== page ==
Engineering 101

Hybrid Origami Makes Reprogrammable Mechanical Properties Possible

By Ruth Seeley

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A new type of origami can morph from one pattern into a different one, or even a hybrid of two patterns, instantly altering many of its structural characteristics.

Origami-based structures have been used to create deployable solar arrays for space, adaptable acoustic systems for symphony halls and even crash protection systems for flying drones.

The researchers from Georgia Tech’s School of Civil and Environmental Engineering developed this new origami that has the potential to unlock new types of origami-based structures or metamaterials that leverage the characteristics of two types of origami.

“This hybrid origami allows for reprogrammable mechanical properties and the ability to change those properties while the material is in service,” said Glaucio Paulino, a professor in the Georgia Tech School of Civil and Environmental Engineering.

A new type of origami can morph from one pattern into a different one, or even a hybrid of two patterns, instantly altering many of its structural characteristics. (Image Credit: Allison Carter)

How they did it

The researchers started with two types of origami patterns: the Miura-ori and the eggbox, both of which can be formed into sheets of repeating patterns. The Miura-ori looks like rows of folded zig-zags, while the eggbox pattern resembles a mountain range with repeating peaks and valleys.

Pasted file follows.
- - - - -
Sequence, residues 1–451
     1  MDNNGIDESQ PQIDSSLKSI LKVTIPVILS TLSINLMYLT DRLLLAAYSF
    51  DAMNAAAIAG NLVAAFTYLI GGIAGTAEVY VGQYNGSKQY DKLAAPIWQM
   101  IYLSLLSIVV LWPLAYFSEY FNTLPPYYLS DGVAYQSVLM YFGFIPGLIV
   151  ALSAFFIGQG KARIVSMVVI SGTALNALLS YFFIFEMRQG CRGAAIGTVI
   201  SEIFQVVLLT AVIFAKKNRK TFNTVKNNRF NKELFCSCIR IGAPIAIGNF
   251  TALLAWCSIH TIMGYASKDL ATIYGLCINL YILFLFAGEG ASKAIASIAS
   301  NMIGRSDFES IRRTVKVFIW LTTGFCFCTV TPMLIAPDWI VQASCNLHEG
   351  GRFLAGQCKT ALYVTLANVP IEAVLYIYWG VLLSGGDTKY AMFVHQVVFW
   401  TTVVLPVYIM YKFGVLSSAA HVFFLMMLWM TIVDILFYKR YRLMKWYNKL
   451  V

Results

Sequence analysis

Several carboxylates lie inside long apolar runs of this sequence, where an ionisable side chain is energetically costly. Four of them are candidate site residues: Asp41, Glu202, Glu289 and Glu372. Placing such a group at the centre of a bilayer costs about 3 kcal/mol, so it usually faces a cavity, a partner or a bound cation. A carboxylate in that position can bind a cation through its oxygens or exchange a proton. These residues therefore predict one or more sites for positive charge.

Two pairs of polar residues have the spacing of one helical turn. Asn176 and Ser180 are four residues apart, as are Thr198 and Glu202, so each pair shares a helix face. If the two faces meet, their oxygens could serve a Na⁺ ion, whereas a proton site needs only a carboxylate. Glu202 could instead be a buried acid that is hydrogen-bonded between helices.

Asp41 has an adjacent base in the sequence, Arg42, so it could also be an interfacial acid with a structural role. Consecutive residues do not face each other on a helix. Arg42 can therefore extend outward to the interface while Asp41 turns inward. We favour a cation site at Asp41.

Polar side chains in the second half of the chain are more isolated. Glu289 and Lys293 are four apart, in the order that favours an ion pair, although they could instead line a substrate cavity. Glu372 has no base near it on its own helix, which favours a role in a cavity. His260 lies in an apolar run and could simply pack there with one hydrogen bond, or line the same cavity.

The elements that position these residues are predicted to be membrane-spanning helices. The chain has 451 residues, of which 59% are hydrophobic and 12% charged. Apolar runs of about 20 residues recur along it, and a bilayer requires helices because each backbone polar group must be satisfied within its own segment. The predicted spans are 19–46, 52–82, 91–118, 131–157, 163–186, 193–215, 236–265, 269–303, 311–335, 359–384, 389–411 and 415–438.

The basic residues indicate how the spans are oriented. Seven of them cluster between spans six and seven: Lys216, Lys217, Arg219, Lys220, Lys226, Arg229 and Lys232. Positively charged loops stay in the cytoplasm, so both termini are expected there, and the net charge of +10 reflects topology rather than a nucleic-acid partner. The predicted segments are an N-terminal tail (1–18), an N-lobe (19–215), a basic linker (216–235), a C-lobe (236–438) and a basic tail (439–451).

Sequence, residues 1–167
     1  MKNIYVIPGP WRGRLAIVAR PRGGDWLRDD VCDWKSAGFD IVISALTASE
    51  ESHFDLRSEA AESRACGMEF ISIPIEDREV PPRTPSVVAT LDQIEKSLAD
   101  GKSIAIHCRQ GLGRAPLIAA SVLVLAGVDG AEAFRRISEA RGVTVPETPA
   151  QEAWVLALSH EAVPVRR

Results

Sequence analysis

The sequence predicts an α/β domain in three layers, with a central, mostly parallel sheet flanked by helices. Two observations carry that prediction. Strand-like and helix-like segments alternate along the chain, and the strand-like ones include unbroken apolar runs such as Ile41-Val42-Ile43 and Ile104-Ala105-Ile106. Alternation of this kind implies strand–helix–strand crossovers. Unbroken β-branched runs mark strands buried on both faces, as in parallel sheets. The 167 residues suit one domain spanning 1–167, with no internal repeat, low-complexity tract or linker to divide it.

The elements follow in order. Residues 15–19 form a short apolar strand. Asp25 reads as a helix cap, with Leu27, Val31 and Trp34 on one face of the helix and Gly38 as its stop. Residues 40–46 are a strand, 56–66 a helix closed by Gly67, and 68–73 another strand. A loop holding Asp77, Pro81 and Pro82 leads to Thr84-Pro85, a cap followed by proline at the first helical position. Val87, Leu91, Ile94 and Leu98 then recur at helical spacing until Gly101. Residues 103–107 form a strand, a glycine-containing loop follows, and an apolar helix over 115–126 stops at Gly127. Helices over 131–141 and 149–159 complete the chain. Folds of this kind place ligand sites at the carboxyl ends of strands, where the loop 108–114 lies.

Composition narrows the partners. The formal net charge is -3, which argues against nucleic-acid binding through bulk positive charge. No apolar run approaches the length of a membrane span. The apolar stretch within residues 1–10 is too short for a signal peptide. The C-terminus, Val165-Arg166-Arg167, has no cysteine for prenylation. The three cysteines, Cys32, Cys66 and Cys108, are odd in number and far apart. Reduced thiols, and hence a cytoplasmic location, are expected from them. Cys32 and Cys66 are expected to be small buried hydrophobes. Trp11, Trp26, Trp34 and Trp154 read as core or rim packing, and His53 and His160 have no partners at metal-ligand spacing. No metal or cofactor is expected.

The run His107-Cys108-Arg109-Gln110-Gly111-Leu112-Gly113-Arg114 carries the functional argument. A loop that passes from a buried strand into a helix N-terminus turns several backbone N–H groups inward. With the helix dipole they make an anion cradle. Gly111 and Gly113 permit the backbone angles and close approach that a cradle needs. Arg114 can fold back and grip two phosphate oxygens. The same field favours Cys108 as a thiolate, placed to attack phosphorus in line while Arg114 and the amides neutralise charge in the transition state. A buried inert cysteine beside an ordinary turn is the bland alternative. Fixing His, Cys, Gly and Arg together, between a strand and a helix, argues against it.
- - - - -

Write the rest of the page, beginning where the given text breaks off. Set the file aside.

Both can be compressed into very small spaces, but when expanded they behave differently from one another in how they respond to bending. The eggbox pattern resembles a dome when bent, and the Miura-ori takes the shape of a saddle.

The new origami pattern achieves its morphing ability by redesigning the geometry of two of the four planes that comprise one section of the origami. By shrinking those two planes on one side, it enables their creases to shift from a mountain to a valley, folding in the opposite direction. The transition from peak to valley can occur regardless of whether the origami is formed from a flexible material such as paper or a rigid material such as metal.

Origami-based structures for acoustic systems, for example, could change how they bend to potentially offer an even greater range of resonant responses, while drone crash protection systems could potentially offer other customization options or alter aspects of its impact resistance.

Source:  Georgia Institute of Technology

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